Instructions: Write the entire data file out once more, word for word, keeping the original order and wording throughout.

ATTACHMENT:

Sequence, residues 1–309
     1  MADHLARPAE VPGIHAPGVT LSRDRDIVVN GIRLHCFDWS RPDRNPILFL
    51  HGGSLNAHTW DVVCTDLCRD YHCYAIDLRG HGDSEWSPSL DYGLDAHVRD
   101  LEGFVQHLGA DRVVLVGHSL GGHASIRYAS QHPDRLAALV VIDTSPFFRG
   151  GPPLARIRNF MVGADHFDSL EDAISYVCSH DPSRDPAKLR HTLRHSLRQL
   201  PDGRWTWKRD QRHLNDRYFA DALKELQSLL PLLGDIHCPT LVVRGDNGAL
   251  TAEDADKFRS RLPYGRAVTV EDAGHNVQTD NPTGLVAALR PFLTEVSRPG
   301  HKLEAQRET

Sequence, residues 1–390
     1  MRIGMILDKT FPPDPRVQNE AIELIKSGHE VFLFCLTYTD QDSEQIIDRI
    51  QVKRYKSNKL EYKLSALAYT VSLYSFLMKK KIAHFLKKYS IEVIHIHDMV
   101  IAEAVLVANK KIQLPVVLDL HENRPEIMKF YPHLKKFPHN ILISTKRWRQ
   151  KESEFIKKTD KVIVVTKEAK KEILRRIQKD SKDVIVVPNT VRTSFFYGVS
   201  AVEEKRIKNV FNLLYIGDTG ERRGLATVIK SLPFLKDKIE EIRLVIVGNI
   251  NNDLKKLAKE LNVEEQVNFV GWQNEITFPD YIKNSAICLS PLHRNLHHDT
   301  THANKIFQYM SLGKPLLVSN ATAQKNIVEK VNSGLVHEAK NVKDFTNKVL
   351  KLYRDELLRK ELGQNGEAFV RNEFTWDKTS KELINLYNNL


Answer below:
Sequence, residues 1–309
     1  MADHLARPAE VPGIHAPGVT LSRDRDIVVN GIRLHCFDWS RPDRNPILFL
    51  HGGSLNAHTW DVVCTDLCRD YHCYAIDLRG HGDSEWSPSL DYGLDAHVRD
   101  LEGFVQHLGA DRVVLVGHSL GGHASIRYAS QHPDRLAALV VIDTSPFFRG
   151  GPPLARIRNF MVGADHFDSL EDAISYVCSH DPSRDPAKLR HTLRHSLRQL
   201  PDGRWTWKRD QRHLNDRYFA DALKELQSLL PLLGDIHCPT LVVRGDNGAL
   251  TAEDADKFRS RLPYGRAVTV EDAGHNVQTD NPTGLVAALR PFLTEVSRPG
   301  HKLEAQRET

Sequence, residues 1–390
     1  MRIGMILDKT FPPDPRVQNE AIELIKSGHE VFLFCLTYTD QDSEQIIDRI
    51  QVKRYKSNKL EYKLSALAYT VSLYSFLMKK KIAHFLKKYS IEVIHIHDMV
   101  IAEAVLVANK KIQLPVVLDL HENRPEIMKF YPHLKKFPHN ILISTKRWRQ
   151  KESEFIKKTD KVIVVTKEAK KEILRRIQKD SKDVIVVPNT VRTSFFYGVS
   201  AVEEKRIKNV FNLLYIGDTG ERRGLATVIK SLPFLKDKIE EIRLVIVGNI
   251  NNDLKKLAKE LNVEEQVNFV GWQNEITFPD YIKNSAICLS PLHRNLHHDT
   301  THANKIFQYM SLGKPLLVSN ATAQKNIVEK VNSGLVHEAK NVKDFTNKVL
   351  KLYRDELLRK ELGQNGEAFV RNEFTWDKTS KELINLYNNL